“It alleged the suspects, who were employed by the privately-owned Polokwane Vehicle Testing Station, manipulated and abused systems to issue roadworthy certificates for vehicles that were not physically presented to the station for testing. The offences were committed between 2019 and 2021,” the Road Traffic Management Corporation (RTMC) said on Wednesday.
The modus operandi allegedly involved the use of the identity document of an innocent person to create an impression that he had presented the vehicles at the testing station for roadworthy tests to be conducted.
Test sheets would allegedly be filled, as if the vehicles were tested when in fact they were not.
The suspects will appear in court on Thursday, 22 June, following the arrest by the RTMC National Traffic Anti-corruption Unit (NTACU) and the Directorate of Priority Crime Investigations (the Hawks).
“The Road Traffic Management Corporation welcomes the arrests and calls on the courts to pass a harsh sentence against the suspects, as unroadworthy vehicles are a major contributory factor to road crashes, injuries and fatalities in the country. The alleged conduct of these suspects undermines national efforts to make South African roads safer,” the RTMC said.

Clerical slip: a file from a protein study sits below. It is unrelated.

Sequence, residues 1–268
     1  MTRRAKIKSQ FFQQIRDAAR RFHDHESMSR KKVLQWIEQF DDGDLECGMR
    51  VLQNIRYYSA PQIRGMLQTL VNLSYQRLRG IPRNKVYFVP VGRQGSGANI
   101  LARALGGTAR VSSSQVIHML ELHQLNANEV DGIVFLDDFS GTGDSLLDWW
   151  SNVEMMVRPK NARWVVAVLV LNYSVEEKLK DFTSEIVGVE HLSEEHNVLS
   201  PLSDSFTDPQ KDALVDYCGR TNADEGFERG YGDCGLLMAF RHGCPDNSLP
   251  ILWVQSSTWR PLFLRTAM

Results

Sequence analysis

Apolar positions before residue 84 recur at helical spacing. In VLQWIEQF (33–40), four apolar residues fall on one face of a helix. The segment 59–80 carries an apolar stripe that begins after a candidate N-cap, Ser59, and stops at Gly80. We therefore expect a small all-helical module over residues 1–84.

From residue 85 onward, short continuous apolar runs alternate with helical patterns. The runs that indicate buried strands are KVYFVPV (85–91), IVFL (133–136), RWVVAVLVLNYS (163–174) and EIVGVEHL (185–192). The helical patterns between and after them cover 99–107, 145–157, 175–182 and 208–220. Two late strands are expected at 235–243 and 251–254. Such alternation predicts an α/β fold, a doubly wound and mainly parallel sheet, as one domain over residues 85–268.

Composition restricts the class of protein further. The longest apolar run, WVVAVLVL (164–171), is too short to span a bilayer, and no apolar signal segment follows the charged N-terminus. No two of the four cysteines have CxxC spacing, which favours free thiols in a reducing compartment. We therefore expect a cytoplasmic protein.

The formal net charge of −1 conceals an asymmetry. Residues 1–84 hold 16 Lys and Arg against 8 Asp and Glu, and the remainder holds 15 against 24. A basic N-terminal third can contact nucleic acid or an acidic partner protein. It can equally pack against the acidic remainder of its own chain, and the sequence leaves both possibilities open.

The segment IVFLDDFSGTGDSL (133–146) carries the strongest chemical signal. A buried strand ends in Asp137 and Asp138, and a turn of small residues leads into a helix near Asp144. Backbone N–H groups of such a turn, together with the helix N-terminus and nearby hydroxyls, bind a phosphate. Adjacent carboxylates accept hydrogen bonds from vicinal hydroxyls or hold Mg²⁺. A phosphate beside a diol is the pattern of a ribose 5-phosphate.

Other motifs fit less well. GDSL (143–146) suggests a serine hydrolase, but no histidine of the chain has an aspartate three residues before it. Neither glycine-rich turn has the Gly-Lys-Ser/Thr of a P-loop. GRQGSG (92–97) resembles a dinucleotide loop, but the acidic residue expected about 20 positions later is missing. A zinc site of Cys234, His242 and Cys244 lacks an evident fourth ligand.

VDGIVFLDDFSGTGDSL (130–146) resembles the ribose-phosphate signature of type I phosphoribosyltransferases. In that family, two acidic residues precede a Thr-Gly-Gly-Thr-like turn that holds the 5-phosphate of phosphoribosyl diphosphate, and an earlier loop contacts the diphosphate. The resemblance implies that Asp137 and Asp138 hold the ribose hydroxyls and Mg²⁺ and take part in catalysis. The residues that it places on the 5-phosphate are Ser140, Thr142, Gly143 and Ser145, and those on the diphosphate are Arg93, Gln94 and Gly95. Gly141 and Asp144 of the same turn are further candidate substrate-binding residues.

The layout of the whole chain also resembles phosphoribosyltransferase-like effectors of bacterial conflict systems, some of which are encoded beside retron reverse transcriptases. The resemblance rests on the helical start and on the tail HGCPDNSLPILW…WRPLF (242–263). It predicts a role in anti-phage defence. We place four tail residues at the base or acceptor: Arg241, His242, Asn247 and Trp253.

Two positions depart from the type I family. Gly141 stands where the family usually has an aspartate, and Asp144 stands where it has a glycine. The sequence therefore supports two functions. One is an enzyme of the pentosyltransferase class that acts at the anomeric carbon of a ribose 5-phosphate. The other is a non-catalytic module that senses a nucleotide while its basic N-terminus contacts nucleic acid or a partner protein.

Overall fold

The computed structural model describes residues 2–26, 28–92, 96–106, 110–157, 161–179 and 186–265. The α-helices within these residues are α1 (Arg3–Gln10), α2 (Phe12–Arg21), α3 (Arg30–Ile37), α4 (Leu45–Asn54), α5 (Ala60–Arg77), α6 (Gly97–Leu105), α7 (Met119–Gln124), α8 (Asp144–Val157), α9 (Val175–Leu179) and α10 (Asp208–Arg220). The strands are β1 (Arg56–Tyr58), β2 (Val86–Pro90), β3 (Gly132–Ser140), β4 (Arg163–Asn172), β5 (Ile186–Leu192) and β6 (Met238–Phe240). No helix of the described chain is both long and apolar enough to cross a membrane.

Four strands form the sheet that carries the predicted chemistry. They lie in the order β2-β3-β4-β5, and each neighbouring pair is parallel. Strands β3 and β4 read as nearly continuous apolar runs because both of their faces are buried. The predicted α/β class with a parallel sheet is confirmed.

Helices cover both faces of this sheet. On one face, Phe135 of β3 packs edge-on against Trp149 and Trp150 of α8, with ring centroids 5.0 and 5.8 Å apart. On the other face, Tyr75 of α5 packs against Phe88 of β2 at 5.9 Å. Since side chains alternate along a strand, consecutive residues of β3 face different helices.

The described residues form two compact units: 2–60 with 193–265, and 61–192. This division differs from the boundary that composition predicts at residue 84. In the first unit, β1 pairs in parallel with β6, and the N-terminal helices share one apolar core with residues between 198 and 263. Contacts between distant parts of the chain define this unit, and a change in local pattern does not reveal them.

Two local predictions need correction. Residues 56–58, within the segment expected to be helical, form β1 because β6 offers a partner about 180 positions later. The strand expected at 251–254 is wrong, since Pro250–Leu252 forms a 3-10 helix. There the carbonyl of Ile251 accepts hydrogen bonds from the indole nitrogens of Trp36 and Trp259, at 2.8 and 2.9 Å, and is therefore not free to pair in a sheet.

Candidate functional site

The World Health Organisation estimates that road crashes cost most economies 3% of their economies. Last year, South Africa’s cost of crashes was estimated at R198.79bn.
“The ratio of road fatalities per 100 000 people in South Africa currently stands at 20.5 and is lower when compared to the death rate for Africa, which stands at 27.21 per 100,000 human population. However, this ratio can increase unless all efforts are made to rigorously enforce laws and deal harshly with fraud and corruption,” RTMC said.
The Road Traffic Management Corporation has called on citizens to report suspected acts of fraud, corruption and malfeasance to az.oc.cmtr@ucatn or by WhatsApp to 083 293 7989.
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